Saturday, September 20, 2008

The potential downside of buying local

We’re only one panel and one speaker into the Symposium (see the post below for some context), but already some definite themes are emerging. One, clearly, is the need for traceability, which by the consensus of presenters thus far is a particularly pointed need because of rising imports. The other, perhaps not surprisingly, is local sourcing, which has been largely cited as a food safety challenge.

Said Theno: “Many of these local suppliers do not have the sophisticated controls in place. [Yet] you need a lot of processes and process controls for food safety. Small does not necessarily mean bad;” some small players, he noted, do indeed put the necessary systems and safeguards in place. But, he suggested, a lot simply can’t afford it.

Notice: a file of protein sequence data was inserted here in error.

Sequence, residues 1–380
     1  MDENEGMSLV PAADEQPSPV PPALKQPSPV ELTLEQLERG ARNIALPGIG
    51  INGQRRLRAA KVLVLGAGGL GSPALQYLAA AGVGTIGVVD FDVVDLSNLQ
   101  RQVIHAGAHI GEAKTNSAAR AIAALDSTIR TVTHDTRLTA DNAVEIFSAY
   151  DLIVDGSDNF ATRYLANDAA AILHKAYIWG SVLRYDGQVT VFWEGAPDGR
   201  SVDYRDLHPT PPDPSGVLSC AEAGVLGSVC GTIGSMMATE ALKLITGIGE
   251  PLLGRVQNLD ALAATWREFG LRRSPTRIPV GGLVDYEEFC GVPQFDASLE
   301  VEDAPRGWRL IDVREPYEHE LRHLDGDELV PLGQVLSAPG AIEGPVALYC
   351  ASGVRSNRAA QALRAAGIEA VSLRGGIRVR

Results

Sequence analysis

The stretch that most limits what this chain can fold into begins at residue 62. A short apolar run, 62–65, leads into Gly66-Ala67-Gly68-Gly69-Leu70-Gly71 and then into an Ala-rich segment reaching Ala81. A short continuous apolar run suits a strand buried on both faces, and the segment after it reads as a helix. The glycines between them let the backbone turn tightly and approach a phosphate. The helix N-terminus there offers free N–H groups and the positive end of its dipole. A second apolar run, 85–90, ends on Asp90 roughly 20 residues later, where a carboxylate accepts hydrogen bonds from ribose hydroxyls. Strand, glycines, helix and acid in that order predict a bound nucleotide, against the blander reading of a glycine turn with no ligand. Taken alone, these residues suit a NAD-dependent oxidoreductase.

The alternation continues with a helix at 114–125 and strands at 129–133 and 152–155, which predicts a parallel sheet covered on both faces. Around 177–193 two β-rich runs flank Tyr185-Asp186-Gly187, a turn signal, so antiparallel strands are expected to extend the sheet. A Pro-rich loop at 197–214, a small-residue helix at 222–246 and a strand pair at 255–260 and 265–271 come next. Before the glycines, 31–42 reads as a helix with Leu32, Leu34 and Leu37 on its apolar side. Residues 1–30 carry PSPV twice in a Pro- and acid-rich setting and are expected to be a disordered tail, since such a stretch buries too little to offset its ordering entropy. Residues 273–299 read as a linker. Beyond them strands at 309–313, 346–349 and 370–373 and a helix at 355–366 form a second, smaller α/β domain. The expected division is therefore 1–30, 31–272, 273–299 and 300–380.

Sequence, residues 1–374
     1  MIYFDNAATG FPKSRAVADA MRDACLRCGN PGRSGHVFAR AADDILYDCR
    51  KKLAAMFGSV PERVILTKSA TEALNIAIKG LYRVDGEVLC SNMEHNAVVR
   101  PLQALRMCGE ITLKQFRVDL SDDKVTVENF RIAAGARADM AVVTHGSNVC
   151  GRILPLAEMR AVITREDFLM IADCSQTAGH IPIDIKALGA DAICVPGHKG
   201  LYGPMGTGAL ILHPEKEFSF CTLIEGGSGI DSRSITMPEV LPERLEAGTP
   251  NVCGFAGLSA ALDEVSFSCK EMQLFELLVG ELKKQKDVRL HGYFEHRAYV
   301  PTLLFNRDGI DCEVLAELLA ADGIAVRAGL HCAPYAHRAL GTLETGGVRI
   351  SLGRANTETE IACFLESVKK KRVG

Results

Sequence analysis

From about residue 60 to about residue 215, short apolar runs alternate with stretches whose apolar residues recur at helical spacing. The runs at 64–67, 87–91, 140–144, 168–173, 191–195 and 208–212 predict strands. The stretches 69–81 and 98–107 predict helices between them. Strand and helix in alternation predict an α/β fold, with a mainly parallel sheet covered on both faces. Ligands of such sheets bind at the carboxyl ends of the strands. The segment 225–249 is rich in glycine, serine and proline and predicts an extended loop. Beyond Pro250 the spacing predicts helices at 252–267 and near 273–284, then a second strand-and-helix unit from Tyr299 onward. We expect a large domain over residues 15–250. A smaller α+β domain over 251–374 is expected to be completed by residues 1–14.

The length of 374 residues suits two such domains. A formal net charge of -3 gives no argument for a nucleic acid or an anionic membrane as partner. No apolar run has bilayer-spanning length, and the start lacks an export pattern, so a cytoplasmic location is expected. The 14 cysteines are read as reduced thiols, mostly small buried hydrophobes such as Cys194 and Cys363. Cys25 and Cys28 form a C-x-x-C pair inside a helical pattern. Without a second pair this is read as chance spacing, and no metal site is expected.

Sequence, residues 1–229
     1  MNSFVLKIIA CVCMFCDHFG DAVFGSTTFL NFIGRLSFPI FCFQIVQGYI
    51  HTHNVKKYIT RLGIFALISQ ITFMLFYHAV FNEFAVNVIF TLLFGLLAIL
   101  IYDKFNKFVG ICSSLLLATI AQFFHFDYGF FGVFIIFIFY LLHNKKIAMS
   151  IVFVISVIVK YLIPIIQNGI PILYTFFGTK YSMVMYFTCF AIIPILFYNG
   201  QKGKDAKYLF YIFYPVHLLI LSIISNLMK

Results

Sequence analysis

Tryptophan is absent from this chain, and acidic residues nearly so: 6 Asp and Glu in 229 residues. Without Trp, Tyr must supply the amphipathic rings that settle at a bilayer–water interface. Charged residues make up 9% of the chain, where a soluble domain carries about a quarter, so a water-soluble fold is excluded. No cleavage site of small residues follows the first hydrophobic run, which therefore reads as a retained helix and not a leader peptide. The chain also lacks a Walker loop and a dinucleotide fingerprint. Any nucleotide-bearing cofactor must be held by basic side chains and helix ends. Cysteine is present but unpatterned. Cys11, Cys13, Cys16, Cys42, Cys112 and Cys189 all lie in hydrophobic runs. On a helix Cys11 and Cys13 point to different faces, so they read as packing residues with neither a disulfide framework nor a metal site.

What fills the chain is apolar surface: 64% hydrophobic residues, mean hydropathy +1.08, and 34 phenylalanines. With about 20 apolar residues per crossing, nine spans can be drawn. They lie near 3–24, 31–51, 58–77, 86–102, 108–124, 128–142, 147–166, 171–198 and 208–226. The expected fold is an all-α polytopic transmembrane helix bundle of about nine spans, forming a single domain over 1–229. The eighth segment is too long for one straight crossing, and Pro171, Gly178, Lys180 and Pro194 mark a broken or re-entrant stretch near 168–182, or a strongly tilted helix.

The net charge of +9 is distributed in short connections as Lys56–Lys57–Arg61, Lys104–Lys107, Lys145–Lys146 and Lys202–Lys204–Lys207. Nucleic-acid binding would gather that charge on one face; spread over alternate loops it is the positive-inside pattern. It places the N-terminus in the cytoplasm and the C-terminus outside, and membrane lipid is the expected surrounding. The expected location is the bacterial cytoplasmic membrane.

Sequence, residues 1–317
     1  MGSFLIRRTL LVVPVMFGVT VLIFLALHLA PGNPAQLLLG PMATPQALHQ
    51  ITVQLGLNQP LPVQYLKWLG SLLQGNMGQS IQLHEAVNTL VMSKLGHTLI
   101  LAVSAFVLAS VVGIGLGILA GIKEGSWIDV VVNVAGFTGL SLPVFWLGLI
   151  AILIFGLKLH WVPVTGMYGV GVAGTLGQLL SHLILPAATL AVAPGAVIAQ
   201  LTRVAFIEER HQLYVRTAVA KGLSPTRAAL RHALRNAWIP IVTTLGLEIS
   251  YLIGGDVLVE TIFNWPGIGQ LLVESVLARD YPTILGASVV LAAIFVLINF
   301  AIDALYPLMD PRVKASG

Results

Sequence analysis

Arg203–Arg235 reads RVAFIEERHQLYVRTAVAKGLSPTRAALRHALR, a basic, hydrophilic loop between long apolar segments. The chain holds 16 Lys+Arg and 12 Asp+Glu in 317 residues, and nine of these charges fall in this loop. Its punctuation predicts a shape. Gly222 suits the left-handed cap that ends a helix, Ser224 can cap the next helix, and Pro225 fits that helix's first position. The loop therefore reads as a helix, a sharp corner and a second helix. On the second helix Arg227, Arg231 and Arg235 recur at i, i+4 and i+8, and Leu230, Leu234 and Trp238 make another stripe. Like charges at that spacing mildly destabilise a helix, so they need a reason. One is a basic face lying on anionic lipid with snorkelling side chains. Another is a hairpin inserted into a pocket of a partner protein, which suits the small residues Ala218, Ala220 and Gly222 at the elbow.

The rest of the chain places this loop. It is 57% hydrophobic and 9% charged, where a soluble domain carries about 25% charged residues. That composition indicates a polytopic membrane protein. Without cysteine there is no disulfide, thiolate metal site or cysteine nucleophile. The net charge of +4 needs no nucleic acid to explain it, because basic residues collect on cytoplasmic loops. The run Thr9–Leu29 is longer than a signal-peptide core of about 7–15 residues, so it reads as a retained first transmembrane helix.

“ Sacrificing safety for the marketing aura of saying ‘locally produced’ is not wise,” he concluded.

Mike Reinert, VP of supply management, talked about the need of educating those small local suppliers, while applying the same sort of criteria that would be used for suppliers of any size: third-party audits, checking for a food-safety security plan, employee background checks.

The safeguards aren’t unique to that realm, he suggested. But the challenge is making sure that they’re applied. He indicated that Delaware North tries to do it by educating its suppliers. He also suggested that Delaware North personnel are also trained to ensure standards are met by the local players from which they buy.

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